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Set up new virtual hosts by creating new folders UNIX
As a web developer, I wanted a simple way to easily create and remove virtual hosts for Apple's built-in Apache server. The solution I've discovered allows me to create a virtual host just by creating a folder with the virtual hostname I want to use and editing my /etc/hosts file so that my browser will be able to find it. Removing the virtual host then is as easy as deleting the folder and the entry in /etc/hosts -- there's no need to edit Apache configuration files or restart Apache each time.

To set this solution up in Mac OS X 10.5.x, you'll need to edit two Apache configuration files, but you'll only have to do it this once. (Note that it's a good idea to make backups of your configuration files, just in case something doesn't work. I make no guarantees, nor am I responsible if you mess your system up!)

Here's what you need to do to get this working.
  1. In Terminal, edit (with root privileges) /etc/apache2/httpd.conf. In the section, add the following two lines:
    LogFormat "%V %h %l %u %t \"%r\" %s %b" vcommon
    CustomLog /private/var/log/apache2/access_log vcommon
    You will also need to comment out the following line, by putting a # at the beginning, as seen here:
    #CustomLog /private/var/log/apache2/access_log common
    When finished, that section will look something like this: (Note: For brevity's sake, I took out the explanatory comments):
    <IfModule log_config_module>
        LogFormat "%h %l %u %t \"%r\" %>s %b \"%{Referer}i\" \"%{User-Agent}i\"" combined
        LogFormat "%h %l %u %t \"%r\" %>s %b" common
        LogFormat "%V %h %l %u %t \"%r\" %s %b" vcommon
        <IfModule logio_module>
          # You need to enable mod_logio.c to use %I and %O
          LogFormat "%h %l %u %t \"%r\" %>s %b \"%{Referer}i\" \"%{User-Agent}i\" %I %O" combinedio
        #CustomLog /private/var/log/apache2/access_log common
        # Logging virtual-host data with the common format
        CustomLog /private/var/log/apache2/access_log vcommon
        #CustomLog /private/var/log/apache2/access_log combined
    Finally, uncomment the Include line in the Virtual hosts section so that it looks like this:
    # Virtual hosts
    Include /private/etc/apache2/extra/httpd-vhosts.conf
  2. Edit (again with root privileges) /etc/apache2/extra/httpd-vhosts.conf to look like this:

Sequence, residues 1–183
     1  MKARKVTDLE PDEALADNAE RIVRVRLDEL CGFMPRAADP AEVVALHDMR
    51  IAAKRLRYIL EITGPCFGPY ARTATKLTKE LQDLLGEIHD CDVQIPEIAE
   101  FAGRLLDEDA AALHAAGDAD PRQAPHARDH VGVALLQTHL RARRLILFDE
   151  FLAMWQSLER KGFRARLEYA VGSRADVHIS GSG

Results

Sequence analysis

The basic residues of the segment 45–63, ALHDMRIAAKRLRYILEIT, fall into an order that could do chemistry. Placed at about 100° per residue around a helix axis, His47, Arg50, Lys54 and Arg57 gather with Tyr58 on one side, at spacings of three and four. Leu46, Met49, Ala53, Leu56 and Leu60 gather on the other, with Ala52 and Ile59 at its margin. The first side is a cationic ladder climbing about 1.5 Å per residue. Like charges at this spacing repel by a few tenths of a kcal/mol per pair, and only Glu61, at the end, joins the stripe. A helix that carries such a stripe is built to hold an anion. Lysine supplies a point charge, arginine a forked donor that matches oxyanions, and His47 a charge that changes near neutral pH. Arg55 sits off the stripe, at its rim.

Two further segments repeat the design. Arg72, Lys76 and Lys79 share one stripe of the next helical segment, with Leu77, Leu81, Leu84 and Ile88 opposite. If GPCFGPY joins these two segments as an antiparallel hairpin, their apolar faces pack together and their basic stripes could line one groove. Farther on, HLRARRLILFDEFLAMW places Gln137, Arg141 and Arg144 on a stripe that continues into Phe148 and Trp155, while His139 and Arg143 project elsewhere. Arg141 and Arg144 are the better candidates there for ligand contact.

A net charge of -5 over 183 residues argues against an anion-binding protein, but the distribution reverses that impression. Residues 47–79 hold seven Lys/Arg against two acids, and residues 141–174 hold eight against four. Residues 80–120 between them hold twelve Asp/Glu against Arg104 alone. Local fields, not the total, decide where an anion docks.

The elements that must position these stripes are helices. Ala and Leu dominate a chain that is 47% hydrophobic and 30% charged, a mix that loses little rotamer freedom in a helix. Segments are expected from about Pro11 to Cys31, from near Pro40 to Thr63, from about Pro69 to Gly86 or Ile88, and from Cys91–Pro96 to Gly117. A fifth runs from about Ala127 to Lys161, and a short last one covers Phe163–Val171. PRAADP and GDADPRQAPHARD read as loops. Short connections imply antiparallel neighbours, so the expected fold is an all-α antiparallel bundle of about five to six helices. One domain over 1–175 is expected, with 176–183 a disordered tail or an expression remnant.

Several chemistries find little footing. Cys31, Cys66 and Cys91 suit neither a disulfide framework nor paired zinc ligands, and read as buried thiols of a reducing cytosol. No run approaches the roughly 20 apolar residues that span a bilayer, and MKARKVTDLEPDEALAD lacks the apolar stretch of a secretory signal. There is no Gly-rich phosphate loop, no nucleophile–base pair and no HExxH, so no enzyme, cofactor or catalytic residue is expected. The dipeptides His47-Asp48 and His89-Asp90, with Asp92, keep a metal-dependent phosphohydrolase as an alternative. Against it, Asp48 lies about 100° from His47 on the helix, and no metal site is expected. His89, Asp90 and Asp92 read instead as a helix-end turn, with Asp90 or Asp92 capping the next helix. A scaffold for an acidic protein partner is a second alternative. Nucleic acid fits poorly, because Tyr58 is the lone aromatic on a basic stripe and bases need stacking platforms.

# Virtual Hosts
    # If you want to maintain multiple domains/hostnames on your
    # machine you can setup VirtualHost containers for them. Most configurations
    # use only name-based virtual hosts so the server doesn't need to worry about
    # IP addresses. This is indicated by the asterisks in the directives below.
    # Please see the documentation at 
    # <URL:>
    # for further details before you try to setup virtual hosts.
    # You may use the command line option '-S' to verify your virtual host
    # configuration.
    # Use name-based virtual hosting.
    NameVirtualHost *:80
    # Mass Virtual Host configuration as taken from the Apache web documentation
    <VirtualHost *:80>
        # get the server name from the Host: header
        UseCanonicalName Off
        # include the server name in the filenames used to satisfy requests
        VirtualDocumentRoot "/Library/WebServer/Documents/%0"
        VirtualScriptAlias "/Library/WebServer/Documents/%0/cgi-bin"
  3. If Web Sharing is currently on, restart it using the GUI or apachectl.
The setup is now complete, and the only thing left to do is create folders with the name syou want to use, and edit your /etc/hosts file. Here's an example setup:
  1. Create a folder named in /Library/WebServer/Documents
  2. Edit /etc/hosts, adding the following line:
    The /etc/hosts file needs root privileges to modify it. I recommend using BBEdit or TextWrangler, as they will prompt you for your password to save the changes.
And that's it. Now you can point your web browser to, and it will display your local web site. You'll want to be careful as to what you name the local site, so that it won't interfere with an actual web site. For example, you'll never get out to the actual if you use that name in /etc/hosts.

Bonus Round: Set up Parallels to access your local site.
  1. If you look in the Network System Preference on your Mac, you should see one or more Parallels[networking type] Adapter interfaces on the left. Examine each, and note down the IP addresses. (The virtual machines see one of these addresses as your Mac's IP address.)
  2. Run your virtual machine and find out its IP address. The first three numbers should match one of the ones for your Mac. Edit the virtual machines hosts file as above, but using the Mac's corresponding IP address instead of (In my copy of Windows XP, the hosts file is stored at C:\system32\drivers\etc\hosts)
You can now go to the virtual host in your web browser, and test your web site in Internet Explorer.
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Set up new virtual hosts by creating new folders
Authored by: gregraven on Dec 16, '08 08:15:33AM

One problem with doing it this way is that your web files must reside in /Library/WebServer/Documents. This makes it tougher to get to and from these documents, compared to setting up a separate account for each web client, and having all client files in that account.